Deck steps are typically the last stage in the deck building process. During this phase, step building includes securing the steps to the ground. You have a few choices for attaching them safely. The method we explore in this blog uses a concrete pad to create a landing. Follow these helpful tips and advice to successfully build a concrete pad.
A Concrete pad can be as thin as 1-2 inches thick. However, keep in mind thinner pads crack easier in freezing weather. We recommend building a slab that is 4-6 inches thick. You’ll also have measure the span of the steps from the first step to the bottom. This measurement needs to be accurate so that the steps line up perfectly with the concrete once set. Also, consider weather. Even though concrete feels hard after a few hours, it actually takes at least a week to completely dry. Make sure you plan the project on days with warm, dry forecasts.
What You Need:
Screed Board (Spare 2×4″)
Large Push Broom
The first step involves preparing the ground. Topsoil should be excavated. Next, build a frame with four 2×4” boards. Make sure the frame is set in place level. The frame creates the outline, or form for the concrete pad. Wooden forms work as temporary guidelines. The form gets removed later. You can assemble it by nailing the corners together. Once your frame is in place, mix the concrete and get started.
Building the Concrete Pad
Pour the mixed concrete into the form. As a helpful tip, mix the concrete at the right consistency for best results. Make the mixture wet enough to work with, but not liquidy. The next step is leveling out the concrete. Use a screed board to smooth out the top of the concrete until it’s level. Your screed board needs to be as wide as the frame. It’s important that it span across the entire pad. Drag the screed board back and forth until the concrete is even. Take your time when you screed the surface. Next, smooth out the concrete by using a float. Floats come in wood, steel and magnesium. Scrape across the pad lightly in an arcing motion. Continue smoothing the surface until it is no longer wet. When the concrete starts to dry, lighting drag a broom across the entire pad. This creates a nonslip surface.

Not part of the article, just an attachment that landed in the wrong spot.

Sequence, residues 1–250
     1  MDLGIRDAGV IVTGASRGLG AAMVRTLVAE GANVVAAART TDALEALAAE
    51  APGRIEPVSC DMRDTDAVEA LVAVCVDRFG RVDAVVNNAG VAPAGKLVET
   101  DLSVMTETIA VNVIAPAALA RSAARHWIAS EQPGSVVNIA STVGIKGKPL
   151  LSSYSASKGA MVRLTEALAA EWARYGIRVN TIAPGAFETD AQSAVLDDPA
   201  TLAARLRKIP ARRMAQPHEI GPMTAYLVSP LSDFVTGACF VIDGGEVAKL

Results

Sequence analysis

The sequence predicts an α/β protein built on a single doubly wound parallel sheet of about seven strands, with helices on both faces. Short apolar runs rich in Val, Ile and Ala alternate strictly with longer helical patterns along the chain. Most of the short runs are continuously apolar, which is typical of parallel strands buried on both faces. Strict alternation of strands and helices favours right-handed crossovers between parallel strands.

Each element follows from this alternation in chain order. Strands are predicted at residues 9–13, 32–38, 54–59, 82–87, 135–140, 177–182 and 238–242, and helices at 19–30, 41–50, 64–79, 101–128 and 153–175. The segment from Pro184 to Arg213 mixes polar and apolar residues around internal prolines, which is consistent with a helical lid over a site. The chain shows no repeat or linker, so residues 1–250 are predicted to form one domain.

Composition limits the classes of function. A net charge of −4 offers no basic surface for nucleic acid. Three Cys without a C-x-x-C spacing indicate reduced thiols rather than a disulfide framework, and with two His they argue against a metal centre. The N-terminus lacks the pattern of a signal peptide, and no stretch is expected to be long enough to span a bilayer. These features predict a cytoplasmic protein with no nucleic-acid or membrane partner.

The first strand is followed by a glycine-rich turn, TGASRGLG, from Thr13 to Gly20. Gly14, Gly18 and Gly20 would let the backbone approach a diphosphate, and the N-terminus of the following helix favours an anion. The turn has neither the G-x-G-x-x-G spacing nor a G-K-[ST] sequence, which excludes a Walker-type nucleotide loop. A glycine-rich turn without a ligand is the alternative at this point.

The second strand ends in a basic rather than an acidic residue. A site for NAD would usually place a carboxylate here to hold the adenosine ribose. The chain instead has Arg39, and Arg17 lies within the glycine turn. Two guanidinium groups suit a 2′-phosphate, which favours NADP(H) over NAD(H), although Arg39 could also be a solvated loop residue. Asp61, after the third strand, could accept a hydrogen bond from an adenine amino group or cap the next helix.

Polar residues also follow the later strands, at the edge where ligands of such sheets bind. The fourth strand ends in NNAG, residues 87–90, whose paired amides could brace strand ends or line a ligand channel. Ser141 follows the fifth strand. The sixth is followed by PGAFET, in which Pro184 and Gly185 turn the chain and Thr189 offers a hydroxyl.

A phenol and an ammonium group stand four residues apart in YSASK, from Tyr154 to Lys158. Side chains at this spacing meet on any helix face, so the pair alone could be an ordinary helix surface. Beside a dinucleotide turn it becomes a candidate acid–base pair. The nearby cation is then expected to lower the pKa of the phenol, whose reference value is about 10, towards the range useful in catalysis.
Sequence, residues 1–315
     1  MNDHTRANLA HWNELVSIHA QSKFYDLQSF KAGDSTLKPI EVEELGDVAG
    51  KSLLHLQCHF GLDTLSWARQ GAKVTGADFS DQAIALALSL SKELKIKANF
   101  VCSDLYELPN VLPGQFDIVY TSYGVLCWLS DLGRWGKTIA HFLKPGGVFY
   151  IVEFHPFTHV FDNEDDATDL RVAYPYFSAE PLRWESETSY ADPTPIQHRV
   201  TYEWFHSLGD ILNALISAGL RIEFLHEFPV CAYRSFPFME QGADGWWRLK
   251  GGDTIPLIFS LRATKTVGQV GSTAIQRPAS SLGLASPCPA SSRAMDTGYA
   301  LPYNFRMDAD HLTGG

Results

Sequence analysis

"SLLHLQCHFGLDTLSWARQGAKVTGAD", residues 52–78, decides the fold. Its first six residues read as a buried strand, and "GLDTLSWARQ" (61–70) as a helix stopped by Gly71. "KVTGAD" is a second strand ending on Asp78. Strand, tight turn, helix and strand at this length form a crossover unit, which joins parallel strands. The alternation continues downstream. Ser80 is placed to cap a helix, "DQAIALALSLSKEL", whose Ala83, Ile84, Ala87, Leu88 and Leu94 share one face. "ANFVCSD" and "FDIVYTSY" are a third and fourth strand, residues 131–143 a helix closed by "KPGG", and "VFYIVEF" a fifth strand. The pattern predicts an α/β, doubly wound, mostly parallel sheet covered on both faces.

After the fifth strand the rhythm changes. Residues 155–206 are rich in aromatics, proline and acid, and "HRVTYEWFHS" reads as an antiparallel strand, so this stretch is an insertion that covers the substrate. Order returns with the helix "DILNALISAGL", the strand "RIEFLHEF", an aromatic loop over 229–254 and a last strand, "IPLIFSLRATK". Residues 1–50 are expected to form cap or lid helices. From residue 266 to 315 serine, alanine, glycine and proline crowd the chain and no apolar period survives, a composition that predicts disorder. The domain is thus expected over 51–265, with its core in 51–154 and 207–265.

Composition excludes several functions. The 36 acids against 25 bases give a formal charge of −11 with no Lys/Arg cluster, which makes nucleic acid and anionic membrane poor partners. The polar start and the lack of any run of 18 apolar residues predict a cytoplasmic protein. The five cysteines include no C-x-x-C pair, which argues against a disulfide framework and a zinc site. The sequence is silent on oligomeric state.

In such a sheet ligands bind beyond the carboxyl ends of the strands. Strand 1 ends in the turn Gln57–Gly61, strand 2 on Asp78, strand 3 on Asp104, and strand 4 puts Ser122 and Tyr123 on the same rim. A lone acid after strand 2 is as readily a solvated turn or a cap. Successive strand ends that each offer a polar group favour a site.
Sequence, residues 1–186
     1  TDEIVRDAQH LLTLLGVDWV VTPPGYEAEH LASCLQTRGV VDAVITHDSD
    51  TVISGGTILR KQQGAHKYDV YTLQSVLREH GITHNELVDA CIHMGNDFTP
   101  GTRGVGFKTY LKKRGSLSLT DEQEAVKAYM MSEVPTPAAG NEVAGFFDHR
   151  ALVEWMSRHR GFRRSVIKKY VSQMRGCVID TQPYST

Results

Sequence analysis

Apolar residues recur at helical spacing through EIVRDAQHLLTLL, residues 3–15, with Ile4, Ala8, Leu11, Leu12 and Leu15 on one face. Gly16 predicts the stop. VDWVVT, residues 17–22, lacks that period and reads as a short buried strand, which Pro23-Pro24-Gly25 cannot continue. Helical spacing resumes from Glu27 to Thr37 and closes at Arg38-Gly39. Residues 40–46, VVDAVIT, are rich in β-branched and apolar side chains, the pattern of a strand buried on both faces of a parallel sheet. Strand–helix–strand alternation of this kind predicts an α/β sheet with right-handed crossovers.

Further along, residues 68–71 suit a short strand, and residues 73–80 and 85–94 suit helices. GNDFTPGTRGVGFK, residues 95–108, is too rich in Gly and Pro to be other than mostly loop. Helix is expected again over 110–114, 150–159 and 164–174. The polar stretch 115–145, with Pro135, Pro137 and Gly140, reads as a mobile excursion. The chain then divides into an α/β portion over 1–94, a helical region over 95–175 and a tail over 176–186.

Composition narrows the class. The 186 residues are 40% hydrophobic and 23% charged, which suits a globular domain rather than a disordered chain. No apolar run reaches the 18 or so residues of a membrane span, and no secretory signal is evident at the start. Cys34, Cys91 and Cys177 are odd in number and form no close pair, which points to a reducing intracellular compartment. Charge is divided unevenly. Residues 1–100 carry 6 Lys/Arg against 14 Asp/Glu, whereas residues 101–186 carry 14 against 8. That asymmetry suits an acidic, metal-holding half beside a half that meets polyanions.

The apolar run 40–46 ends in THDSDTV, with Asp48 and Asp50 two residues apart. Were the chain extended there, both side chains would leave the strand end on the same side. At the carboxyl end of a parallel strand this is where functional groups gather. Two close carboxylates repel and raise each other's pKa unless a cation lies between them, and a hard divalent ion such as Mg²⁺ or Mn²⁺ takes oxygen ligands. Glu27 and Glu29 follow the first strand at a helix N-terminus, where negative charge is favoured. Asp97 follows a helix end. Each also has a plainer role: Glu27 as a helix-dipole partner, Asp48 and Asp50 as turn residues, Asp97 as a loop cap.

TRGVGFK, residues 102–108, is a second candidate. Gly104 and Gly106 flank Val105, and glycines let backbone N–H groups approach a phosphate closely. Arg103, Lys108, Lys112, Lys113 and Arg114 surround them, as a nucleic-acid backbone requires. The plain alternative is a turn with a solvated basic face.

After the area is smooth and brushed, use a mason’s trowel to separate the concrete from the frame. Wedge the tip of the trowel between the concrete and the form. Then, work your way around the form, slicing about 2 inches deep. After you create the separation, take your edger and round off the corners. Sharp corners chip faster than rounded corners. Lastly, insert the two anchor bolts into the prepared concrete. Give your pad at least a full day to dry. After 24 hours, remove the forms. As a reminder, the pad is not yet completely dry yet. Give it a full week before standing on the pad.
Attach the post anchors to the bolts. Both the posts and the stringers screw into the post anchors to secure the steps to your concrete pad.
For more on this topic, check out Importance of Building Strong Deck Steps